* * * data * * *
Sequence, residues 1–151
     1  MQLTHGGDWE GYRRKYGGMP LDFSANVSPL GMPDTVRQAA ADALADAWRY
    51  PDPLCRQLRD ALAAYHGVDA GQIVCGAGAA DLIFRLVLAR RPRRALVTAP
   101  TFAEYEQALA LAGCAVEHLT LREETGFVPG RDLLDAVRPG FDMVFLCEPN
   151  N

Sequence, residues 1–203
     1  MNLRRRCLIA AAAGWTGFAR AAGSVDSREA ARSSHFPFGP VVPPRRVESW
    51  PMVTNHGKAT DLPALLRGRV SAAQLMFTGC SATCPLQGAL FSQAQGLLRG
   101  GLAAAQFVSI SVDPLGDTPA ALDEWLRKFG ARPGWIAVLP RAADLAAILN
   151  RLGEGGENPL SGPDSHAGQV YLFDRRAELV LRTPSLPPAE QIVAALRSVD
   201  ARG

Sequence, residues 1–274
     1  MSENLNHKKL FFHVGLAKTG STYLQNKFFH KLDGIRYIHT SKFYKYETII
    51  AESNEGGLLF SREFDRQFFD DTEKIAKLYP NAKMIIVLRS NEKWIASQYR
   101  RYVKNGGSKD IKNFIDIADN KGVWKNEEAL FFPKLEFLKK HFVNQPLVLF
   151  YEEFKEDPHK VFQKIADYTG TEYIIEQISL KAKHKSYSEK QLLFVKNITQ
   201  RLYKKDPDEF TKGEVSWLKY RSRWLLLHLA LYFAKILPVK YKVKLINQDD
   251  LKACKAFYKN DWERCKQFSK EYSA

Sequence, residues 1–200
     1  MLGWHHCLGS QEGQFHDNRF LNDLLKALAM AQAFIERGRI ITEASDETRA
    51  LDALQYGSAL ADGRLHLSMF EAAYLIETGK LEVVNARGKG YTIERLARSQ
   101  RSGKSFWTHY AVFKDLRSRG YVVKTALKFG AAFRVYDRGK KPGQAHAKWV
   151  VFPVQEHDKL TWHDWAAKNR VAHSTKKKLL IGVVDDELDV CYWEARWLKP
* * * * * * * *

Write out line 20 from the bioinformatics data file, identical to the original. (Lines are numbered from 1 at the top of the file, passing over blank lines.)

     1  MLGWHHCLGS QEGQFHDNRF LNDLLKALAM AQAFIERGRI ITEASDETRA